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April 5, 2013

Governor calls tax plan 'pretend fix'


In a memo obtained by the News Service to several of his Cabinet secretaries on Thursday, Patrick asked his deputies to prepare within 30 days a list of capital projects that could be cancelled or postponed, including those already underway, and the cost of shutting them down.

“While the process of reaching final legislation is on-going, we should be prepared to curtail current transportation, business development, environmental, recreational and other infrastructure investments should the Legislature’s proposal carry the day,” Patrick wrote in the memo.

The governor and his staff would not speculate on whether they could muster support in the House or the Senate to sustain a veto, but the possibility exists that the leaders in either branches could fail to rally the two-thirds margin needed to overturn Patrick’s rejection of the financing plan as written. Under that scenario, no bill would pass.

Asked whether he was prepared to accept and explain to voters a 19 percent fare increase on the MBTA threatened by the agency if new funding does not arrive, Patrick said it was a consequence he was willing to risk.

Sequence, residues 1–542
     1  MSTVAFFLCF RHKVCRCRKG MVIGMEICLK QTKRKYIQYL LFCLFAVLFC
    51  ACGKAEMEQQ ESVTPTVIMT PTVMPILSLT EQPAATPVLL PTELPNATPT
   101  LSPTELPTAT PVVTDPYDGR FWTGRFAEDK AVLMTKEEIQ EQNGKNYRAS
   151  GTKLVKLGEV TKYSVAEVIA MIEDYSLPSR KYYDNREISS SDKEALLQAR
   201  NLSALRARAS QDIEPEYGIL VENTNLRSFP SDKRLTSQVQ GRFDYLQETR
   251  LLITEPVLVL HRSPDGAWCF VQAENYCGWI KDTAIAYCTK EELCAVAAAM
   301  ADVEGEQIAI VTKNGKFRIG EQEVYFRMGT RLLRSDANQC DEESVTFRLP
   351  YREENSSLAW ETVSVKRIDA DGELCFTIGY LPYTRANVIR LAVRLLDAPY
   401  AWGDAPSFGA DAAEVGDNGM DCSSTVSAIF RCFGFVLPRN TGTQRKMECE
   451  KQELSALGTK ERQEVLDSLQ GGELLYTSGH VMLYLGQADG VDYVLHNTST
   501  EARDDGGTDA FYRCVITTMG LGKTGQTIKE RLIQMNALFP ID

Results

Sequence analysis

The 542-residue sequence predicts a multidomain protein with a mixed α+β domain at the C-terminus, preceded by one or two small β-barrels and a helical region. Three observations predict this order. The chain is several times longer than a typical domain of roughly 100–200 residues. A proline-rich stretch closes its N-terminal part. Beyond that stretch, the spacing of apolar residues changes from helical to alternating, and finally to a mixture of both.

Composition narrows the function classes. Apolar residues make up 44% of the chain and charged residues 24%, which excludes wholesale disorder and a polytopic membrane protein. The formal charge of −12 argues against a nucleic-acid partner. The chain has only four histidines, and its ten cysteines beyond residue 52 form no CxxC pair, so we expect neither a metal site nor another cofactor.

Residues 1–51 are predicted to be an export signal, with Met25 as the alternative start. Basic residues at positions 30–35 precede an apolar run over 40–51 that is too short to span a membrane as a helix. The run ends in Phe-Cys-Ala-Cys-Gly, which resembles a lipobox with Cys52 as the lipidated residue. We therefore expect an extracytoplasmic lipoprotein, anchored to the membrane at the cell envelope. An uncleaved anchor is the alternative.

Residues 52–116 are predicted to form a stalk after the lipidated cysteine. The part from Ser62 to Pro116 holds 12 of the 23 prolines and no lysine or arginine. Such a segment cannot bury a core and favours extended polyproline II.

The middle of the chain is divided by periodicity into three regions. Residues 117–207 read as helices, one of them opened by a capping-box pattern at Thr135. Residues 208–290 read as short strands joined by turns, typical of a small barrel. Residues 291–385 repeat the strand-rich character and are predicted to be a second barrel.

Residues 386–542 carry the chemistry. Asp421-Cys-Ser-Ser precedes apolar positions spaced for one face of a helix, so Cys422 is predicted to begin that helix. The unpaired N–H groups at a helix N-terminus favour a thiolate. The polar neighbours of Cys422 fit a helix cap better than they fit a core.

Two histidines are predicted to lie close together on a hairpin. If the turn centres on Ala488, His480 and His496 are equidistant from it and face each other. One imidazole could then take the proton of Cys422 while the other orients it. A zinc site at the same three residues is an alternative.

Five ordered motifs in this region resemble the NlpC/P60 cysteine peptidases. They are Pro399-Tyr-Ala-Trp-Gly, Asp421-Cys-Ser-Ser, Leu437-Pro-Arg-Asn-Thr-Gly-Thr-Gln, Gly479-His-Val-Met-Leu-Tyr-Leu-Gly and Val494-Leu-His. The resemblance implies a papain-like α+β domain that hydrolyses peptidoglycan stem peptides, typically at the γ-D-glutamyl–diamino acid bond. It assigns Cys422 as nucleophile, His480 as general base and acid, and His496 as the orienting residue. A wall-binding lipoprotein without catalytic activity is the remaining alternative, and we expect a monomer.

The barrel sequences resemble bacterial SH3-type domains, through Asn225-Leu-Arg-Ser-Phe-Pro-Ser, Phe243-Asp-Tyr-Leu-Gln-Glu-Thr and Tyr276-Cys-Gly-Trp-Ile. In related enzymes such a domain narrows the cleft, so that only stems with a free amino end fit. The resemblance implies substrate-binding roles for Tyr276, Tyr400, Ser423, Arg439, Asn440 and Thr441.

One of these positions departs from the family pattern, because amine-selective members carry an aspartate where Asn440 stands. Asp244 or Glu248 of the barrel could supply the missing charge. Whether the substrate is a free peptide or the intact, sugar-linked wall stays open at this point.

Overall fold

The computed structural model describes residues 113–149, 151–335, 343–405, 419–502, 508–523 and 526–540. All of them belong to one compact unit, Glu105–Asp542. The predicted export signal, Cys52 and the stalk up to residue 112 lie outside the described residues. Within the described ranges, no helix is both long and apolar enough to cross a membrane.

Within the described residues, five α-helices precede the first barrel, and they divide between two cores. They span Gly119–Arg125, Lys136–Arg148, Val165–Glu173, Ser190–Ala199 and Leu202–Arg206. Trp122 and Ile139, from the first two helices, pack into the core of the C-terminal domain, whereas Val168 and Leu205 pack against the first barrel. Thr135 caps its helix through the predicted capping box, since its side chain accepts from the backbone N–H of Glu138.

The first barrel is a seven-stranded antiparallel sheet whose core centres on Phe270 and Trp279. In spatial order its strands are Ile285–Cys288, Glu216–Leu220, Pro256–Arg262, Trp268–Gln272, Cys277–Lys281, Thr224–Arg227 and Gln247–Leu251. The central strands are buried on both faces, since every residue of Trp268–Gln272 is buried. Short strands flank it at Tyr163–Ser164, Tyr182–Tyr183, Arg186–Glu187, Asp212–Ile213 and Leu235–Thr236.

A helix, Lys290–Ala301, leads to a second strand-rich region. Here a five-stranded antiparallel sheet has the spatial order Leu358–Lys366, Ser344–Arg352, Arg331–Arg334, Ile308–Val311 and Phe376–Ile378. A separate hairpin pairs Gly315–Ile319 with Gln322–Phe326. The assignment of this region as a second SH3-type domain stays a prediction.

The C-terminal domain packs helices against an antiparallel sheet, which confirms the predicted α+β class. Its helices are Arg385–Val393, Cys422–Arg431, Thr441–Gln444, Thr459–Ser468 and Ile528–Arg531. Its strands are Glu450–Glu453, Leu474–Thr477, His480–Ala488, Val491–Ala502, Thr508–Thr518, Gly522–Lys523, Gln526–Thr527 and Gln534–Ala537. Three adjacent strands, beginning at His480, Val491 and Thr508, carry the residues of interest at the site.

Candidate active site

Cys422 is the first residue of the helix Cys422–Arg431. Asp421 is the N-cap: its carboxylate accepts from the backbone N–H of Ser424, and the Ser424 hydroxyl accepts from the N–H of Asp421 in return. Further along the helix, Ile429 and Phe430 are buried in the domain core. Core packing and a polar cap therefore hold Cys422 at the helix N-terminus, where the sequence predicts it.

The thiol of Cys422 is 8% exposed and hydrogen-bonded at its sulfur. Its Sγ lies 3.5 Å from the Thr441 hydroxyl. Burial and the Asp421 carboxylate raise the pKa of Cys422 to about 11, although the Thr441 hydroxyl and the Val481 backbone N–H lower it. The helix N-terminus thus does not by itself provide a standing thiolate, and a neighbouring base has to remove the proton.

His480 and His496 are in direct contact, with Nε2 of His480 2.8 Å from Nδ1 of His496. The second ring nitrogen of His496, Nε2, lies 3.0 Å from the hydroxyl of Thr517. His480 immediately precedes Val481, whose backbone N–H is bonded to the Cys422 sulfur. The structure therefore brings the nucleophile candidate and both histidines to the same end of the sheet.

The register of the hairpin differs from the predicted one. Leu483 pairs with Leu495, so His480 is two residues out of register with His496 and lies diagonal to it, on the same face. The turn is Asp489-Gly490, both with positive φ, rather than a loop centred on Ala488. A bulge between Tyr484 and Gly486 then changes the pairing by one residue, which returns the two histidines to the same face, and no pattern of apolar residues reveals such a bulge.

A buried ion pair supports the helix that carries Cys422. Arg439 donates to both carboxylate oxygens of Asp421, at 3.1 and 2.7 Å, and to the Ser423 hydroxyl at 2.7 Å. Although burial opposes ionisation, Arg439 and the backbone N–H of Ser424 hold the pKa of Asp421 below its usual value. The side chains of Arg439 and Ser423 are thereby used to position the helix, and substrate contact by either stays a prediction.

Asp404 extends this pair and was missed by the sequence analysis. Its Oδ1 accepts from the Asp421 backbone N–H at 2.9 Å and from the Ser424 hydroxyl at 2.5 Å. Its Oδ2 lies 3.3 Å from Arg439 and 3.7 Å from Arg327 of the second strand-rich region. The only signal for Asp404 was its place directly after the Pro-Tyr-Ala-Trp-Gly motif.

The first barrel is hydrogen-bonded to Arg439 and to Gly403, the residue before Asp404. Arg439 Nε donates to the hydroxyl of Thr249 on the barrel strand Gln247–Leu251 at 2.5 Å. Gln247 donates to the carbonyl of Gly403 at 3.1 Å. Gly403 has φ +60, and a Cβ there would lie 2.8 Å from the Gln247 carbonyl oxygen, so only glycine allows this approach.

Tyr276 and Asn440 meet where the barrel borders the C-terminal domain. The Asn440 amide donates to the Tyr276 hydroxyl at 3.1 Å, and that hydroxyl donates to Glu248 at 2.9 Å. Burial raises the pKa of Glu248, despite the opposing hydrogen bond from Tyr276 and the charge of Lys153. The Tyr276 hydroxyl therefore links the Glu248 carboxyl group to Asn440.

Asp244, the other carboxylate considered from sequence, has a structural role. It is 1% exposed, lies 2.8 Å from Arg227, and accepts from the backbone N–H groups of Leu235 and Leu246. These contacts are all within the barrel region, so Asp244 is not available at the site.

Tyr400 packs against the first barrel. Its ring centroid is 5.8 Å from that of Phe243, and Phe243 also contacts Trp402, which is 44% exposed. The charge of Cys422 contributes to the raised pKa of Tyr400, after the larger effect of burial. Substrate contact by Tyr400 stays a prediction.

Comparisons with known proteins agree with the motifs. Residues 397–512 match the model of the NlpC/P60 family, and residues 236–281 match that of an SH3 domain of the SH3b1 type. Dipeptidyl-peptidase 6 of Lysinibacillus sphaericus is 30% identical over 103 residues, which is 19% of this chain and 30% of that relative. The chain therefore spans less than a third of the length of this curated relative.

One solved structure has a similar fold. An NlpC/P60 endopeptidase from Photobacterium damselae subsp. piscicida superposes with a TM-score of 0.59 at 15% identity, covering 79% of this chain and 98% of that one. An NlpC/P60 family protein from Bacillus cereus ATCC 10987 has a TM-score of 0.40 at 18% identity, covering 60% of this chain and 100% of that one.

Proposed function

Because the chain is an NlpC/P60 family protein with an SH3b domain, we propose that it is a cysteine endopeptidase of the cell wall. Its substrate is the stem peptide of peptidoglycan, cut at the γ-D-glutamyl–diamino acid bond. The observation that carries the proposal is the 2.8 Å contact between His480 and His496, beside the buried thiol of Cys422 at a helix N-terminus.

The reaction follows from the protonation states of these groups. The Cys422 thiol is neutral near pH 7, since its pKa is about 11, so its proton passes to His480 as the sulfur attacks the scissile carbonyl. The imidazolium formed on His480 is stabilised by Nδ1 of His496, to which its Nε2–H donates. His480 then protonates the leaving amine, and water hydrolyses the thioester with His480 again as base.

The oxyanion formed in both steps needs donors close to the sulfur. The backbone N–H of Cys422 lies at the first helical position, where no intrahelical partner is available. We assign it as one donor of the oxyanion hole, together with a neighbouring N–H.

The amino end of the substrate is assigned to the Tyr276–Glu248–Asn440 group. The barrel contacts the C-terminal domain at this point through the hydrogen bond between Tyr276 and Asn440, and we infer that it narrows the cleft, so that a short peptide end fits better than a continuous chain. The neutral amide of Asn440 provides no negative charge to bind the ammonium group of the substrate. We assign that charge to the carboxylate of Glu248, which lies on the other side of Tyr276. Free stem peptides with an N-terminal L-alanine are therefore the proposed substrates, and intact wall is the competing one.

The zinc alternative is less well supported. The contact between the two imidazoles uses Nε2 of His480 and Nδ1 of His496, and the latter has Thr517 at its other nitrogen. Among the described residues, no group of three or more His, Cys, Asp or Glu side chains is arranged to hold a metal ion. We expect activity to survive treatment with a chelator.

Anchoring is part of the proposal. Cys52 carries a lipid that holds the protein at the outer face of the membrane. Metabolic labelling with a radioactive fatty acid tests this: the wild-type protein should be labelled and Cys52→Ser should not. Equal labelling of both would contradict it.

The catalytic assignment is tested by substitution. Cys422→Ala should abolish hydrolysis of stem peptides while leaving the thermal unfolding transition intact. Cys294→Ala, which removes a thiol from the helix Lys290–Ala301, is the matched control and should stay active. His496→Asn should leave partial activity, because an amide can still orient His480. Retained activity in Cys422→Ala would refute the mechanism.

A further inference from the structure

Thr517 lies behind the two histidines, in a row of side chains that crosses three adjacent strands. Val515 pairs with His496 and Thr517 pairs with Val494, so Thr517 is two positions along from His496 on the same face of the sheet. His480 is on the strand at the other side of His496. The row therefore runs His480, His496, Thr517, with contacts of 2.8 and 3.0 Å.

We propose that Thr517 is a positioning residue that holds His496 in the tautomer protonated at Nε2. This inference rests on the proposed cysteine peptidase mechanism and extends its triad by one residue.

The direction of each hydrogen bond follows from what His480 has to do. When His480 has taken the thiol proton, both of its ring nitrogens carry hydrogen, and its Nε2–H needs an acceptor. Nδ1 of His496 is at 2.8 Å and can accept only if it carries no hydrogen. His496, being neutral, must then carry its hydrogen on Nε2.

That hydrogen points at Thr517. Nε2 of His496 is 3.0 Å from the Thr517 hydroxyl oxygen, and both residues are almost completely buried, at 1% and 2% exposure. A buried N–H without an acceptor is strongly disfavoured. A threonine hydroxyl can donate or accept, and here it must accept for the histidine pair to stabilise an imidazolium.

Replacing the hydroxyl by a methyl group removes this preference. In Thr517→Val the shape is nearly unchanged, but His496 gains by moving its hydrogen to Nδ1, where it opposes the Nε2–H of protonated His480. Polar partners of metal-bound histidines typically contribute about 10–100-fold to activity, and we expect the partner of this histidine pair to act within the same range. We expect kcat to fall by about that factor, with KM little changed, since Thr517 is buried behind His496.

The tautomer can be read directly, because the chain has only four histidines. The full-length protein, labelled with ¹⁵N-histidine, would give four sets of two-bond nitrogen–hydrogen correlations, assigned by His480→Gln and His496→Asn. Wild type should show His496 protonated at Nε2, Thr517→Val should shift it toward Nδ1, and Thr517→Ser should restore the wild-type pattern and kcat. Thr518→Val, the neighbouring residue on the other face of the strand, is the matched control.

“I cannot ask people all over the Commonwealth to pay to fix the T alone. It’s not fair. We have been asking people everywhere else but in downtown Boston to eat the cost of the Big Dig and we’ve been asking them in two ways, the main way by starving investment everywhere else,” Patrick said.

The speaker said people are “fiscally concerned” about the governor’s planned elimination of deductions, and also reiterated concerns raised by bond rating agencies about the governor’s overreliance on income tax revenue, a multi-year borrowing plan and a drawdown from the rainy day fund.

“It’s not the House and the Senate plan that is talking about the increase to the income tax. It’s not the House and the Senate plan that is talking about elimination of many of the deductions that people presently get, whether they be for education, whether they be for the selling of the home..,” DeLeo said.

“We’re trying to protect the middle class. That is I think one of the major differences of the two plans,” DeLeo said.

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